Mrs Capehorn's evidence was that it was agreed in 2007 that she should transfer the frozen foods business which she owned to the company, in return for a payment by Mr Harris of £750 per week funded out of the business. The judge accepted her evidence that this was the agreement made: paragraph 155. Mrs Capehorn's case was that this secured the fair division of assets which she accepted should be achieved.
 Mr Harris remained in occupation of Sunnyside Farm and ran the company's business there, using cold storage facilities which had previously been established at the farm. For some years he paid the £750 a week as agreed. At trial he maintained a case that there had been an agreement that part of that amount would be used to fund the mortgage for Sunnyside Farm, but the judge rejected his evidence about that.
 Eventually relations deteriorated between Mr Harris and Mrs Capehorn. He asserted he had rights against her, in particular in respect of Sunnyside Farm. She was obliged to commence proceedings against him and the company to establish the true legal position.
 The case came on for trial before District Judge Langley. Her judgment is dated 26th June 2014. She had to decide the parties' rights in respect of three assets - Sunnyside Farm, 19 Beaumont Road and the frozen foods business - and in relation to the agreement made in 2007 regarding the transfer of Mrs Capehorn's business to the company.
The Legal Framework
 The legal framework was common ground between the parties at trial and again before us on appeal. In relation to assets acquired by unmarried co-habitees or partners, where an asset is owned in law by one person but another claims to share a beneficial interest in it a two stage analysis is called for to determine whether a common intention constructive trust arises. First, the person claiming the beneficial interest must show that there was an agreement that he should have a beneficial interest in the property owned by his partner even if there was no agreement as to the precise extent of that interest. Secondly, if such an agreement can be shown to have been made, then absent agreement on the extent of the interest, the court may impute an intention that the person was to have a fair beneficial share in the asset and may assess the quantum of the fair share in the light of all the circumstances: see Oxley v Hiscock  Fam 211; Stack v Dowden  AC 432; Jones v Kernott  UKSC 53.
 There is an important difference between the approach applicable at each stage. At the first stage, an actual agreement has to be found to have been made, which may be inferred from conduct in an appropriate case. At the second stage, the court is entitled to impute an intention that each person is entitled to the share which the court considers fair having regard to the whole course of dealing between them in relation to the property. A court is not entitled to impute an intention to the parties at the first stage in the analysis.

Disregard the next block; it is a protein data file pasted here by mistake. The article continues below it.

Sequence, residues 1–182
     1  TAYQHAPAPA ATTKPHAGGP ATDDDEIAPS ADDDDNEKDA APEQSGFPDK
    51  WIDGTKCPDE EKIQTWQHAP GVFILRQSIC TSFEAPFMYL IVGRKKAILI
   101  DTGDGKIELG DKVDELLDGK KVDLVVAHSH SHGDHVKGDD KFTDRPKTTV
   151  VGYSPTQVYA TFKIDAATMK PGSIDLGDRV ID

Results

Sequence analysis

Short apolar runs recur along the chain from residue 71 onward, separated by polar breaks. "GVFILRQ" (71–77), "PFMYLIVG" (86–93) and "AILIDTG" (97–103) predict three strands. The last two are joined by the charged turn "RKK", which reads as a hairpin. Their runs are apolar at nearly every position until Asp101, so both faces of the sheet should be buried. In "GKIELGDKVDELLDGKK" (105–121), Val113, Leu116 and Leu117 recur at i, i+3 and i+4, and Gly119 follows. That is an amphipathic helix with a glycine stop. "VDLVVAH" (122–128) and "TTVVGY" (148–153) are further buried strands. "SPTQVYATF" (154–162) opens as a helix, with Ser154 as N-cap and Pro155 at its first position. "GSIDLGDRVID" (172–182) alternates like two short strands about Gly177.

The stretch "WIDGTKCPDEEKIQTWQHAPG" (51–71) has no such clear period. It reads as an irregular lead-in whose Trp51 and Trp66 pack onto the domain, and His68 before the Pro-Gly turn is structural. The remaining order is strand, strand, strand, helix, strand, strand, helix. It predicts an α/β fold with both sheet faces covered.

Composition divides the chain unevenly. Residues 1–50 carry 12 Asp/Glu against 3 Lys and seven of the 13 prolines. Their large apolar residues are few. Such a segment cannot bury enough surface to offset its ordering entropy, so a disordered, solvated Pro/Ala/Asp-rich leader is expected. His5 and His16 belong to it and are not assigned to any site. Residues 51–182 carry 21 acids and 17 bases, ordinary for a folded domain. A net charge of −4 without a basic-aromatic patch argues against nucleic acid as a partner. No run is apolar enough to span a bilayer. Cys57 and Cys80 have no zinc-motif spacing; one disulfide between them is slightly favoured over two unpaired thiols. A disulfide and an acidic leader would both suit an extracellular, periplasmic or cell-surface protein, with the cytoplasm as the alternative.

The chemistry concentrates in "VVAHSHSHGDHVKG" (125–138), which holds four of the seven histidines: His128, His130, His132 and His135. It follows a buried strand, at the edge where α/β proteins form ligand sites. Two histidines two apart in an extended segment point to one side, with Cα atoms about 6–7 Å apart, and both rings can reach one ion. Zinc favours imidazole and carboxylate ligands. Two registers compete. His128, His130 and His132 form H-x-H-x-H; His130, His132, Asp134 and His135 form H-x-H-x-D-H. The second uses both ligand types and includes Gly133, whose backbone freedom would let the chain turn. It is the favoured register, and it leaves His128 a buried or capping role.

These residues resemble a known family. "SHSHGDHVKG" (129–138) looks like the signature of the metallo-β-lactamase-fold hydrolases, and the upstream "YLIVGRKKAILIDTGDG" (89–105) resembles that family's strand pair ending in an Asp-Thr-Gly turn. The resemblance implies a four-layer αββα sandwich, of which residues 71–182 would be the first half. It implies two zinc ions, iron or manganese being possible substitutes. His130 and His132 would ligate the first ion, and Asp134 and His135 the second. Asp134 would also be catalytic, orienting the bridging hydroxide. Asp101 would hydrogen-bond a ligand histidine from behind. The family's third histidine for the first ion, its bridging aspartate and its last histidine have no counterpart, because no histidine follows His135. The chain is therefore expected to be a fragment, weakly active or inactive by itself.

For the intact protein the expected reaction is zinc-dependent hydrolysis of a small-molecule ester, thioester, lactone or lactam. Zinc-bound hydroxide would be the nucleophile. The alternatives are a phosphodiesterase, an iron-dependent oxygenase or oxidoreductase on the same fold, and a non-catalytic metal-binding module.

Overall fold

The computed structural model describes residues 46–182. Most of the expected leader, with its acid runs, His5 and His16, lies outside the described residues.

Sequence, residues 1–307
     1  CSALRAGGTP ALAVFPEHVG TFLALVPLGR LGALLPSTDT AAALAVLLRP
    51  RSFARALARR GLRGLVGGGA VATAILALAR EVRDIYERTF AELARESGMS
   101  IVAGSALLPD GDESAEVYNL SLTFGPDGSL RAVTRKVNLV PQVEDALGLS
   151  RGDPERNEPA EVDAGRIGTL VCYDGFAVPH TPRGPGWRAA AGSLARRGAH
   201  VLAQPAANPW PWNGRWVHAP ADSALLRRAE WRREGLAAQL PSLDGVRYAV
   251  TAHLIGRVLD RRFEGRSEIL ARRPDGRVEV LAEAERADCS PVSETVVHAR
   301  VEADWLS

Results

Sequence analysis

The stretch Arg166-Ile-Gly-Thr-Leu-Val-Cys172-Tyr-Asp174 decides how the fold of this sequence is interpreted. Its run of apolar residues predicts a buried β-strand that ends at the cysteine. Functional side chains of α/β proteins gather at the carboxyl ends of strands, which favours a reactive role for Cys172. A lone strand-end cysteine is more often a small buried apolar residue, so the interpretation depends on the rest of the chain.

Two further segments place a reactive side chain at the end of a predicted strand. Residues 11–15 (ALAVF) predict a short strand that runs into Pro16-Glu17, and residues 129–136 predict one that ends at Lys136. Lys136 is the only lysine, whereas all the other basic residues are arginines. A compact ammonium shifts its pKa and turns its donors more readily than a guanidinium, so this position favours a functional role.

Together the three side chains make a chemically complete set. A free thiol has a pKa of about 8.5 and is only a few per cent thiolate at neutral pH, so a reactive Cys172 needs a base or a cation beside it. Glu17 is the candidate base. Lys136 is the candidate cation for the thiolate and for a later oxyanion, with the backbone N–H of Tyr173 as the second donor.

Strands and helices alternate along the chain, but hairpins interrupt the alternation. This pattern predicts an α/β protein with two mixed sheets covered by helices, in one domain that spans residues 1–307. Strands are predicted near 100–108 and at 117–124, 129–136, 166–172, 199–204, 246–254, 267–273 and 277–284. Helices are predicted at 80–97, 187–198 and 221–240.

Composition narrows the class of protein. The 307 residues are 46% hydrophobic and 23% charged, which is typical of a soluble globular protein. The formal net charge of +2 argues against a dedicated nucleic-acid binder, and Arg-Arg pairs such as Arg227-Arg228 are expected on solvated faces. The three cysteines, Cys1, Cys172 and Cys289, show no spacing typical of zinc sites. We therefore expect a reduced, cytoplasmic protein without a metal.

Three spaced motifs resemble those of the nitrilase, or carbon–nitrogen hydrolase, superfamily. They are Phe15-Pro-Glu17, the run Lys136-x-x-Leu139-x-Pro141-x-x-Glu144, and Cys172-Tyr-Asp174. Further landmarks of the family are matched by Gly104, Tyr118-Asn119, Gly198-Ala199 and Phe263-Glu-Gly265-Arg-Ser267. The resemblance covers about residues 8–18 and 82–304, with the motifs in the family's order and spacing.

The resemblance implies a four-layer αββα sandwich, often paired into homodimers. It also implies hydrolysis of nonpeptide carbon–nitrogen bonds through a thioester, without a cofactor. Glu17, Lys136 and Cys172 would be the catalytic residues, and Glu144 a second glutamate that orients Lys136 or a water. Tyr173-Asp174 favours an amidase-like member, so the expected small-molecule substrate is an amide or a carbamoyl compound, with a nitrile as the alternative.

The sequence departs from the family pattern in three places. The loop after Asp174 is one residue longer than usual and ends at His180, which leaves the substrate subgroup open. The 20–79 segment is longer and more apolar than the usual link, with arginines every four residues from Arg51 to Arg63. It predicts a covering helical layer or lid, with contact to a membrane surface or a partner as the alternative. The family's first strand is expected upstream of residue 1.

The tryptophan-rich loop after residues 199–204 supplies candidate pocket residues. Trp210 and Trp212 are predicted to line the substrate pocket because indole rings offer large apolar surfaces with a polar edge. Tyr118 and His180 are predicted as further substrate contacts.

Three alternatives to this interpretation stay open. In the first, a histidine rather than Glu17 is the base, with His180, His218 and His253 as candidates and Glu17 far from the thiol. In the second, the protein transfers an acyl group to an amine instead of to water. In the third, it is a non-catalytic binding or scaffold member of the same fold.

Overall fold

Unfortunately in this case in the critical part of her judgment, at paragraphs 152 and 153, the judge erroneously elided these two stages. At paragraph 152 she dealt with Sunnyside Farm and at paragraph 153 with the business. I deal with them in that order.
 As regards Sunnyside Farm, the judge made clear findings that when it was acquired in 1993 there was no agreement that Mr Harris would have any beneficial interest in it and also that at various stages in the period down to 2007 there had been discussions between Mr Harris and Mrs Capehorn about it with, again, no agreement being made that he should have any beneficial interest in it. The judge had also found Mrs Capehorn to be a credible witness. Mrs Capehorn's evidence was that no agreement was ever made that Mr Harris should have a beneficial interest in Sunnyside Farm. The judge made no finding of any agreement between them in 2007 that Mr Harris should have a beneficial interest in Sunnyside.
 Yet despite all this, at paragraph 152 the judge asked herself the question:
"...whether the extent of Mr Harris's contribution to the business [as carried on by Mrs Capehorn as sole trader] should be sufficient to impute an intention to the parties that he should acquire a beneficial interest not only in the business but also in the property."
She concluded that "Looked at in the round" she "should impute to the parties...an acceptance of the fact that Mr Harris, by reason of his contribution of the business ... has acquired a beneficial interest in Sunnyside Farm" of 25%.
 In my judgment, the judge erred in this paragraph of the judgment. She imputed an intention to the parties for the first stage of the two stage analysis rather than identifying an actual agreement made by them that Mr Harris should have any beneficial interest in Sunnyside Farm. No actual agreement to that effect was ever made by Mrs Capehorn and Mr Harris, as the judge's findings elsewhere in the judgment made clear.